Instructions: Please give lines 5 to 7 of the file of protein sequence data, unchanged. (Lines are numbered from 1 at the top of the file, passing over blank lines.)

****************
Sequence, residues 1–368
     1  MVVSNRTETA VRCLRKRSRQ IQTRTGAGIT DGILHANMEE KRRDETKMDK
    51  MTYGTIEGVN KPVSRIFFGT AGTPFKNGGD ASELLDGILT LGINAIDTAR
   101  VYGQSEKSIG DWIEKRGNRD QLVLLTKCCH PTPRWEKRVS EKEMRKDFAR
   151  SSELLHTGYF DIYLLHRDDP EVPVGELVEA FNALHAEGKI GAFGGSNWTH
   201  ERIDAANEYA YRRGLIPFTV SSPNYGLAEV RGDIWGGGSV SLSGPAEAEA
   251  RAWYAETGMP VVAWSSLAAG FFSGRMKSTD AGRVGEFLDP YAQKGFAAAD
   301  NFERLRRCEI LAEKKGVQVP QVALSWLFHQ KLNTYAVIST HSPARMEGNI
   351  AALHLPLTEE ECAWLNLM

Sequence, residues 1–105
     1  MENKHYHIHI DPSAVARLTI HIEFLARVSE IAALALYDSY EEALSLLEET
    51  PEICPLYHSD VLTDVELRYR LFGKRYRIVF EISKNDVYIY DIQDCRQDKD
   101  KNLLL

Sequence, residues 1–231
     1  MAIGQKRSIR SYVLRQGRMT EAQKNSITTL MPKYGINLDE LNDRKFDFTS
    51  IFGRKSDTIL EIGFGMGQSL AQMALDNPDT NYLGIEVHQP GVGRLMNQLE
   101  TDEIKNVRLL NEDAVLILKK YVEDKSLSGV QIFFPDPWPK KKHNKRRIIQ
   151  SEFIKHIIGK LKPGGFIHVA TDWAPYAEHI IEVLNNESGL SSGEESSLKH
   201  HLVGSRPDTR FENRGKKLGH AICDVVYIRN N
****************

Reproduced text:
   151  SSELLHTGYF DIYLLHRDDP EVPVGELVEA FNALHAEGKI GAFGGSNWTH
   201  ERIDAANEYA YRRGLIPFTV SSPNYGLAEV RGDIWGGGSV SLSGPAEAEA
   251  RAWYAETGMP VVAWSSLAAG FFSGRMKSTD AGRVGEFLDP YAQKGFAAAD